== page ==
Other signs of trouble include Tom Bethell’s major point of defense:
“The best-known advocates of intelligent design have not attempted to advance their cause through state coercion in the schools.”
We can dispense with that argument with four words: Of Pandas and People. This book was “the first place where the phrase ‘intelligent design’ appeared in its present use” according to Pandas organizer Jon Buell – and Pandas, the first ID book, was a textbook explicitly aimed at ninth-grade biology students in public schools! (Just look at the history of where the book has been pushed, starting with Alabama and Texas, 1989-1990.) If we really wanted to pile it on, we could point out that Pandas was coauthored by Michael Behe, the most prominent scientist in the ID movement, and Stephen C. Meyer, the director of the Discovery Institute’s Center for the Renewal of Science and Culture.
Over on the blog of the Discovery Institute Media Complaints Division Judge Complaints Division, John West seems annoyed that Judge Jones didn’t pay any attention to the Discovery Institute’s list of allegedly peer-somethinged publications. West shouldn’t be criticizing the judge, however – West’s problem is that Behe and Minnich didn’t think to mention this list when they had the chance, during testimony at trial. When asked, Behe & Minnich mentioned only a few scientific publications they thought relevant – e.g., Behe & Snoke 2004, which on cross Behe admitted didn’t mention ID, and didn’t block evolution under biologically realistic conditions – but these either didn’t mention ID, or were in philosophy journals, or were review articles and not actual research. Minnich admitted that his sole publication on ID, a book chapter, coauthored by Stephen C. Meyer, was not rigorously reviewed in the same way as an actual journal article. Other DI fellows could have also could have mentioned the list as much as they liked – but unfortunately, they decided to back out of the case just before their scheduled depositions.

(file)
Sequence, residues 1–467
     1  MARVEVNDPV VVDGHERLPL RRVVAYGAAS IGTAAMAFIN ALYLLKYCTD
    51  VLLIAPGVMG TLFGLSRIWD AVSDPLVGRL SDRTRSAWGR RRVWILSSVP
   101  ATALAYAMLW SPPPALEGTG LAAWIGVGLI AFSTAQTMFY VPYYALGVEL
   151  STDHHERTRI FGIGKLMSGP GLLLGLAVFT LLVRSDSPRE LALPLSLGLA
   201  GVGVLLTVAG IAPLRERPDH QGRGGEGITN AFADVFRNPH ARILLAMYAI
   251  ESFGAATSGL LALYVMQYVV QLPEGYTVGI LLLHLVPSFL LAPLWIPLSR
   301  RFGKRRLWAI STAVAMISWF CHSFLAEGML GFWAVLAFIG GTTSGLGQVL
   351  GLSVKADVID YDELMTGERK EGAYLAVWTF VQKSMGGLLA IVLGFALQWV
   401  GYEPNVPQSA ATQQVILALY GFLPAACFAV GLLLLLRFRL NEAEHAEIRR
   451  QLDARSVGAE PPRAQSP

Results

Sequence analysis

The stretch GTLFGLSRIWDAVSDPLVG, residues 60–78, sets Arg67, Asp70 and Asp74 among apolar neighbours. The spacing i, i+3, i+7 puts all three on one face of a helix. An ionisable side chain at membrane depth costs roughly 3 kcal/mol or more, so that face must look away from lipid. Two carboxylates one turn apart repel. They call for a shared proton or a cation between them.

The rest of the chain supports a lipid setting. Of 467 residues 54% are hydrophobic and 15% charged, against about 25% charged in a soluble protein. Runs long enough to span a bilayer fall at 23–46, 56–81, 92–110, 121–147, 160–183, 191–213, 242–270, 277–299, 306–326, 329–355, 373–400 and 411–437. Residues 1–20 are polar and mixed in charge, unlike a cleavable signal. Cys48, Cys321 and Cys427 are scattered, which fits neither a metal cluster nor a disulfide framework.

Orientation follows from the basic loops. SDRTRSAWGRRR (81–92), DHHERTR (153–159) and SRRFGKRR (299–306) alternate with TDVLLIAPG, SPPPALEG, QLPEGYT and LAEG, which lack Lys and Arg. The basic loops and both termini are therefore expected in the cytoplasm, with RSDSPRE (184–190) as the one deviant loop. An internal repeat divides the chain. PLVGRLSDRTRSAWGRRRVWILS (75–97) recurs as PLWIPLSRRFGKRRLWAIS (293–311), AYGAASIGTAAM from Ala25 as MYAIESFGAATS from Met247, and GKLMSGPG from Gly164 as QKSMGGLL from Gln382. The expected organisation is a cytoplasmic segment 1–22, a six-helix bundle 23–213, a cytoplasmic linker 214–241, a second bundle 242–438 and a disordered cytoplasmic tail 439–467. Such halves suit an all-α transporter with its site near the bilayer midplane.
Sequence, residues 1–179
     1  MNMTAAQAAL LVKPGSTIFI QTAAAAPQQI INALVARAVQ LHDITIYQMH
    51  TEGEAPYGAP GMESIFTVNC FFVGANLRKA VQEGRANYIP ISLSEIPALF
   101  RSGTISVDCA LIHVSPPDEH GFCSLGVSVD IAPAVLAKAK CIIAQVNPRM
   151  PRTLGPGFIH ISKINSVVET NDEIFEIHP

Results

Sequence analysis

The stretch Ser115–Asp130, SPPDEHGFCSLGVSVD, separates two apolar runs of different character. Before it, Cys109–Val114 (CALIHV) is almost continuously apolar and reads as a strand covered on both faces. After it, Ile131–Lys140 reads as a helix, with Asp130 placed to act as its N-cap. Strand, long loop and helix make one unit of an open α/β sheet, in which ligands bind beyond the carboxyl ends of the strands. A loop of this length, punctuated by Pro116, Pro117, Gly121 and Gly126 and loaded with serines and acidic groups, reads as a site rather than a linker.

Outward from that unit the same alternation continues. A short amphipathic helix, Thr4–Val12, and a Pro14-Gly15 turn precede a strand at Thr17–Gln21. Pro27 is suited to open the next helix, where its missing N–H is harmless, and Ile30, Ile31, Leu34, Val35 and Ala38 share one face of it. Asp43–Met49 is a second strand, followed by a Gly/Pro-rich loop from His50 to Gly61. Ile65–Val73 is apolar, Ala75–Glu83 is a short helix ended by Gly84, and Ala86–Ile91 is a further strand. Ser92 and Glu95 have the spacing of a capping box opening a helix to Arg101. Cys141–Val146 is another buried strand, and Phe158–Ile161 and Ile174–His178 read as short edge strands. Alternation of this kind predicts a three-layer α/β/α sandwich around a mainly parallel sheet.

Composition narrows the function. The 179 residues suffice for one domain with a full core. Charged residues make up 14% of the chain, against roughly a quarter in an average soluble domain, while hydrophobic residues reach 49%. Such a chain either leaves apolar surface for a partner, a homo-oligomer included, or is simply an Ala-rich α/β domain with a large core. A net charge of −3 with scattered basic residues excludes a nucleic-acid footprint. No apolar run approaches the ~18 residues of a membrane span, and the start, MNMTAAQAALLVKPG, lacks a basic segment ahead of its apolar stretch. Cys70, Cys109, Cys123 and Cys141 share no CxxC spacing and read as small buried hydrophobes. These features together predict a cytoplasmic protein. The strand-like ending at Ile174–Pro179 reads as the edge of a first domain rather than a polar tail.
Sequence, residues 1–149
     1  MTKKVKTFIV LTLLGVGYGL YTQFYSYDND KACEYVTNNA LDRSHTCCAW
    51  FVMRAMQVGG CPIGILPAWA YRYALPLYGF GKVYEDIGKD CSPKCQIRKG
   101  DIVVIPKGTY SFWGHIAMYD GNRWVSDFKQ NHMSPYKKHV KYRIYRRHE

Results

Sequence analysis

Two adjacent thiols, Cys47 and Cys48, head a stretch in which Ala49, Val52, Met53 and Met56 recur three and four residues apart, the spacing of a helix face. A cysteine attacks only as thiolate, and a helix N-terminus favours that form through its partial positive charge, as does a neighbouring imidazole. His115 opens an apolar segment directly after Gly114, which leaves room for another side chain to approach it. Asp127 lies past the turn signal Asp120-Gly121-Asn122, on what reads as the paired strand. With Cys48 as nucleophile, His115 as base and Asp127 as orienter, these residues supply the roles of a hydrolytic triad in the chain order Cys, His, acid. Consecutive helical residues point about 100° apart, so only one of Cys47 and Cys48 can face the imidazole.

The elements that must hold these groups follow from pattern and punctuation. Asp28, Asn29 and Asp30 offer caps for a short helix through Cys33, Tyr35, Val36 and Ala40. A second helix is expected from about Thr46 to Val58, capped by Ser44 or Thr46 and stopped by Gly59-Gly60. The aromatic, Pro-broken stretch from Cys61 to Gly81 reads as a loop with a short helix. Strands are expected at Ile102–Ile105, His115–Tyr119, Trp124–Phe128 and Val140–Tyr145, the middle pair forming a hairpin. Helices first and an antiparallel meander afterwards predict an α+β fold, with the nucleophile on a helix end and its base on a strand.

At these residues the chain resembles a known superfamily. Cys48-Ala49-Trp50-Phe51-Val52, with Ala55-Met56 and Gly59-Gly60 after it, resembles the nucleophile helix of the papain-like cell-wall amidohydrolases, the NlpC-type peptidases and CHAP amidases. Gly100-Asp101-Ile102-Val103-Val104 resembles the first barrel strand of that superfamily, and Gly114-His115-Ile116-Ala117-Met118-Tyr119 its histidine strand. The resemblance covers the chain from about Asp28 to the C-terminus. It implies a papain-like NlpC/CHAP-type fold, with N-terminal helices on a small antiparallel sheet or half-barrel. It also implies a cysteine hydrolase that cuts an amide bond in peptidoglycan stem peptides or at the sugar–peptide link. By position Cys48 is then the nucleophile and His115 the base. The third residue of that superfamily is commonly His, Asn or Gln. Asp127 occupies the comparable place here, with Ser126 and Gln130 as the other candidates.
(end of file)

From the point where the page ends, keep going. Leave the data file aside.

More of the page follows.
Or perhaps Behe & Minnich, being actual scientists, realized how vulnerable this list is to cross-examination. The court is not the same audience as some fawning blogger or clueless journalist new to the issue. For example, imagine the glint in the lawyer’s eye while asking questions like these: “Now, does ‘peer-edited’ mean the same thing as ‘peer-reviewed’?” “Is ‘peer-edited’ a standard term in academia?” “Is Rivista di Biologia a well-respected biology journal?” “One of these publications listed here is a book chapter in Mere Creation written by Kurt Wise. Could you tell us who Kurt Wise is, and what he argues for in this ‘intelligent design’ publication?”
Leaving aside the hypotheticals, given the testimony he heard at trial, does West really expect Judge Jones to ignore the testimony of the leading scientists of the ID movement which he directly observed, and instead favor amicus briefs, not subject to cross-examination, and authored by organizations whose mendacity was exposed repeatedly both during trial and in numerous pre-trial machinations? (e.g., FTE’s motions, or the DI’s interference with the expert witnesses.)
As I mentioned before, the IDists really don’t get it.